Amy E. Earhart is Associate Professor of English and affiliated faculty of Africana Studies at Texas A&M University. A 2020 Texas A&M University Presidential Impact Fellow and a 2019 Texas A&M University Arts & Humanities Fellow, Earhart has participated in grants and fellowship received from the NEH, ACLS, and the Mellon Foundation. In 2020, Earhart received a NEH-Mellon Fellowship for Digital Publication for her book length digital project "Digital Humanities and the Infrastructures of Race in African-American Literature." She has also won numerous teaching awards, including the University Distinguished Achievement Award from The Association of Former Students and Texas A&M University.
Involved with digital humanities scholarship since 2003, Earhart's scholarship has focused on examining infrastructures of technology and their impact and replication of "race," building infrastructure for digital humanities work, embedding digital humanities projects within the classroom, and tracing the history and futures of dh, with a particular interest in the way that dh and Black studies intersect. Her digital projects are constructed to expand access to Black humanities materials, as is the case with projects The Millican Massacre, 1868, DIBB: The Digital Black Bibliographic Project, and "Alex Haley's Malcolm X: 'The Malcolm X I knew' and notecards from The Autobiography of Malcolm X" (a collaborative project with undergraduate and graduate students published in Scholarly Editing).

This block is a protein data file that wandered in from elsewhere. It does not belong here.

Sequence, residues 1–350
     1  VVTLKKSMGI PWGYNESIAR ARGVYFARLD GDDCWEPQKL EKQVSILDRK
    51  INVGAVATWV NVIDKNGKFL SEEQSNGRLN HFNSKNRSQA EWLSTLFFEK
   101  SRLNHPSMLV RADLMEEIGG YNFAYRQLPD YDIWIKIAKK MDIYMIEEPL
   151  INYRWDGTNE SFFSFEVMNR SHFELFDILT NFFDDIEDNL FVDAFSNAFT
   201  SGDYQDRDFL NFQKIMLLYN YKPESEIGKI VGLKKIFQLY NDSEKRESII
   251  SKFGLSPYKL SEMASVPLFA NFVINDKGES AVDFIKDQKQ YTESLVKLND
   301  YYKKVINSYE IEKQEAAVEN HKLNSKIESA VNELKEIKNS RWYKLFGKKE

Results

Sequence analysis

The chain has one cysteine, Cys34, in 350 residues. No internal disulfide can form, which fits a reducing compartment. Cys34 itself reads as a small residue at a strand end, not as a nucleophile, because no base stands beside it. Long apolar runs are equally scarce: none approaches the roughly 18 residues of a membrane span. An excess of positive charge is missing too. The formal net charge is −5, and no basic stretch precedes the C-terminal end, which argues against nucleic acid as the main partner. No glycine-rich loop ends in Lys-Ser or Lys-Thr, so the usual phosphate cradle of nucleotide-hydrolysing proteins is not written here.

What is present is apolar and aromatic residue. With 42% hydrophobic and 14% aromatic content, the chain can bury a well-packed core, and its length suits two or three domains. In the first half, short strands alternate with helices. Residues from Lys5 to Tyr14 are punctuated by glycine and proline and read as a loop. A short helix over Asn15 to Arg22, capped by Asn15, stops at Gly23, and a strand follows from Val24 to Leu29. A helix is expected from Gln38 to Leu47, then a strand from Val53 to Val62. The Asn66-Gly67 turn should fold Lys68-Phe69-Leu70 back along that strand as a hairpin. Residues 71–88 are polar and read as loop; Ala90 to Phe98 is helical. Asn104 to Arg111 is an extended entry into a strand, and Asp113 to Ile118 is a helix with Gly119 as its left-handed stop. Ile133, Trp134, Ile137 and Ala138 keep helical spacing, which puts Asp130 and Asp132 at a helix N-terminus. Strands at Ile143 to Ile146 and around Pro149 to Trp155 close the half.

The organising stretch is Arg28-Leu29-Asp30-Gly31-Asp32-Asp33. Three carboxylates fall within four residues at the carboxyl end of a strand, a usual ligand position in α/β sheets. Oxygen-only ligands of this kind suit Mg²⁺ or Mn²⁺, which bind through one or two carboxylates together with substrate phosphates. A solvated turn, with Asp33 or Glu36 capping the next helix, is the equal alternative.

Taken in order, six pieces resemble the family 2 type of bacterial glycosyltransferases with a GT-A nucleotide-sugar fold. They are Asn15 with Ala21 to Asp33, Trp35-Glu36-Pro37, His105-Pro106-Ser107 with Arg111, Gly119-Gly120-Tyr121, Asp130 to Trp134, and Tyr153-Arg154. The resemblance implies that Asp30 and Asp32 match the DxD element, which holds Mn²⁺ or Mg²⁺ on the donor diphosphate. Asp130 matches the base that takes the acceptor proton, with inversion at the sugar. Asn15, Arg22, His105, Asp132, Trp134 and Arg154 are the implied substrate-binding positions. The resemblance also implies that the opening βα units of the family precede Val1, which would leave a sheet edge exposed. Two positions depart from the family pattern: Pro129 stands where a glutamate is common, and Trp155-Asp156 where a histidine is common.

Earhart has published scholarship on a variety of digital humanities topics, with work that includes a monograph Traces of Old, Uses of the New: The Emergence of Digital Literary Studies (U Michigan Press 2015), a co-edited collection The American Literature Scholar in the Digital Age (U Michigan Press 2010), and a number of articles and book chapters in volumes including the Debates in Digital Humanities series, DHQ, DSH: Digital Scholarship in the Humanities, Digital Studies/Le champ num?rique, and Textual Cultures.
Her current projects include a book length manuscript, Can a Computer Be Racist?: Digital Humanities and the Infrastructures of Race in African-American Literature, a digital project, Infrastructures of Race, and editing the Civil War Writings for the Collected Works of Harriet Beecher Stowe, Oxford UP.